Remember that alleged Chinese subsidies to EV producers are a direct welfare transfer to EU consumers (and the shareholders of carmaker BYD). Few European companies produce cheap and affordable EVs – a gap that the newcomers are too happy to fill.

The Chinese are not doing this pro bono – the central planners in Beijing decided that doing so would be worthwhile despite the costs.

China, desperately pursuing tangible national rejuvenation and attempting to future-proof its manufacturing business, has sought – and claimed – absurd levels of dominance in some clean tech sectors.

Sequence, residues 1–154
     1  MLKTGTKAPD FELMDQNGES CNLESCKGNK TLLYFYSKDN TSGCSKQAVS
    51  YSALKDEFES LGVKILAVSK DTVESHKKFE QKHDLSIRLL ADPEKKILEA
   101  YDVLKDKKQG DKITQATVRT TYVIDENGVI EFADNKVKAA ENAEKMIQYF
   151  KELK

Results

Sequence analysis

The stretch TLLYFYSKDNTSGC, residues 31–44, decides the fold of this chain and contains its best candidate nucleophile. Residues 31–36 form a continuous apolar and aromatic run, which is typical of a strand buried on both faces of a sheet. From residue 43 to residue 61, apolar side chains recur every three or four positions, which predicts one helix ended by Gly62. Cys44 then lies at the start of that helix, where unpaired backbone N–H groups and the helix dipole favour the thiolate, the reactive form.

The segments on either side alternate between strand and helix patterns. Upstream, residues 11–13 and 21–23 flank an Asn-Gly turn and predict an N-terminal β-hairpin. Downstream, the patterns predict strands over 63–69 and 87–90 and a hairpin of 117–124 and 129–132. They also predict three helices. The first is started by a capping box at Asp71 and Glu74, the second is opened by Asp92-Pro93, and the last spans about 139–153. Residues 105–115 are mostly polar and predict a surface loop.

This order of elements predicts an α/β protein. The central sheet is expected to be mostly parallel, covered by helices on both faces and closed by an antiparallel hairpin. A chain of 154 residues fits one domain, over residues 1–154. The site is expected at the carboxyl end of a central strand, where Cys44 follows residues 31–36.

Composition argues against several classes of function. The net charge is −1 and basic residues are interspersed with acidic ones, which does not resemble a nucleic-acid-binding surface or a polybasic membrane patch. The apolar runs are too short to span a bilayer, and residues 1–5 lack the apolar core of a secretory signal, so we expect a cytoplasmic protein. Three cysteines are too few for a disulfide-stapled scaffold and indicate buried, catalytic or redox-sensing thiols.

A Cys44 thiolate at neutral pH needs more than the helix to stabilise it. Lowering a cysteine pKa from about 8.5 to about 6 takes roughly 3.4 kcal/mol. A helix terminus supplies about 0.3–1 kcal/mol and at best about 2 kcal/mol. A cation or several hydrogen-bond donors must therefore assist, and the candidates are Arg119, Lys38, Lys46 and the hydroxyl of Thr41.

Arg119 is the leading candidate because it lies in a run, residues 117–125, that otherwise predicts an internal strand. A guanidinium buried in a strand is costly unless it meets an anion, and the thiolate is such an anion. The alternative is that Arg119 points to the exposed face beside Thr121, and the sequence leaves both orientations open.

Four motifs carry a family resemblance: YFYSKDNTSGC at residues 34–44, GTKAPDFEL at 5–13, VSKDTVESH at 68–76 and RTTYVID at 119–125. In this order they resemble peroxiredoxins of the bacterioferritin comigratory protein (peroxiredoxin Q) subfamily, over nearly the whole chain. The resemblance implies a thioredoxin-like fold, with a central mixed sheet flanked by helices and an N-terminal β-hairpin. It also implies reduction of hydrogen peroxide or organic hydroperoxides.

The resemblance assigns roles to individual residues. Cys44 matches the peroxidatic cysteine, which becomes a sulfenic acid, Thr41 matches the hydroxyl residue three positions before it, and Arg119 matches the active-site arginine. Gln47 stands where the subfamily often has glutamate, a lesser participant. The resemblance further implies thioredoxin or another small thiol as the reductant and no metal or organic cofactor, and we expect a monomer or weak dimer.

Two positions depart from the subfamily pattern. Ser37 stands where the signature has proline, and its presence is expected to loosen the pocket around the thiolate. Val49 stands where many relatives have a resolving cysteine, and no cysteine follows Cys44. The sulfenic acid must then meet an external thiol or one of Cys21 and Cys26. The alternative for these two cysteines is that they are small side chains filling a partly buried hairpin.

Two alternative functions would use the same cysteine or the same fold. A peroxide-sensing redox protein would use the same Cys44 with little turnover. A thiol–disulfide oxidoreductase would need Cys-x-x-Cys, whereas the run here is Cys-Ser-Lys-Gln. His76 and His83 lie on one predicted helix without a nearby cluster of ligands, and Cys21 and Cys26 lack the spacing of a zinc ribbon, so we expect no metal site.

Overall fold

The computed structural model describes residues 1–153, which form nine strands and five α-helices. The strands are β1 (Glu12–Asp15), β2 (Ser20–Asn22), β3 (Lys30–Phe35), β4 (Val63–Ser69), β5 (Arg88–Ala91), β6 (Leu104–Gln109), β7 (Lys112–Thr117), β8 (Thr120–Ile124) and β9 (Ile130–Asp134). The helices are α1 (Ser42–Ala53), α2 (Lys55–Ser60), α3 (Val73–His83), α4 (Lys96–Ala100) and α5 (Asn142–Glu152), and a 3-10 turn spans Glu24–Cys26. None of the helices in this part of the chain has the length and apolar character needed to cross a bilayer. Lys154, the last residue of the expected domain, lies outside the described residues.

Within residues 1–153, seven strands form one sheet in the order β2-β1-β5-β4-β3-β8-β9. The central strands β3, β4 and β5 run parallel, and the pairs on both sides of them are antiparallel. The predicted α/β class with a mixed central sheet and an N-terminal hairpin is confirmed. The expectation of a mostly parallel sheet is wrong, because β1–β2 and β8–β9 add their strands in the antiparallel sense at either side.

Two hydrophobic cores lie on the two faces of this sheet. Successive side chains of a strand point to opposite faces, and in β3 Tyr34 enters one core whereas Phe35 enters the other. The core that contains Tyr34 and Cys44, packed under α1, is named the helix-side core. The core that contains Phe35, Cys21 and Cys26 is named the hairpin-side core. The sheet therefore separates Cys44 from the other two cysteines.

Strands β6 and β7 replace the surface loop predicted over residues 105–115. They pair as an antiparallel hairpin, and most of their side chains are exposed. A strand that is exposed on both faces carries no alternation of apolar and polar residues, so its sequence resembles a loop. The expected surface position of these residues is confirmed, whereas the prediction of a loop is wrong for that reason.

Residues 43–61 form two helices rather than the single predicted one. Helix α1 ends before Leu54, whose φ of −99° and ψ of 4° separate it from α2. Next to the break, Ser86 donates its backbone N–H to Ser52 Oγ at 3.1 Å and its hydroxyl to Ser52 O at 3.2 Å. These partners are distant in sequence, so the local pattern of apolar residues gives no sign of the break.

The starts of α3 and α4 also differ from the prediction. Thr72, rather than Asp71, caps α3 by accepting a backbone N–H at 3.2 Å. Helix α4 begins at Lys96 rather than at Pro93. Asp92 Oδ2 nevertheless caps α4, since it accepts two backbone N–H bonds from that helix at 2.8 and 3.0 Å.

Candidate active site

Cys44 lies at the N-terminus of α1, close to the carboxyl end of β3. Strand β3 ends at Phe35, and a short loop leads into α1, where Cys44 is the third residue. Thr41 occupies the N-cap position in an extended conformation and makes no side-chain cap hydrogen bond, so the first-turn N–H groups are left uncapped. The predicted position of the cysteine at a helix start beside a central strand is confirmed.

This has sparked some concerns from Paris to Berlin. Europe’s announced EV probe is just a response to existing sentiment. It’s not the first time it has been tried, either.

When the EU levied anti-dumping tariffs on Chinese solar panels in 2013, solar PV installation rates collapsed (see graph).

Do these anti-dumping tariffs make sense?

The good news is: Solar panels are not missiles, and neither are EVs. We don’t need to desperately uphold our ability to produce them. They are not a matter of national security.

Defending fair trade, as the Commission set out to do, is fair and proportionate. But to aim to wall off Europe from Chinese imports would be the essence of foolishness.

Europe can’t risk a similar outcome with the tender sprout that is the upshot in EV uptake. For one, unless EV registrations increase tenfold this decade, the 200 million tonne CO2 gap in Germany looks impossible to fill by 2030.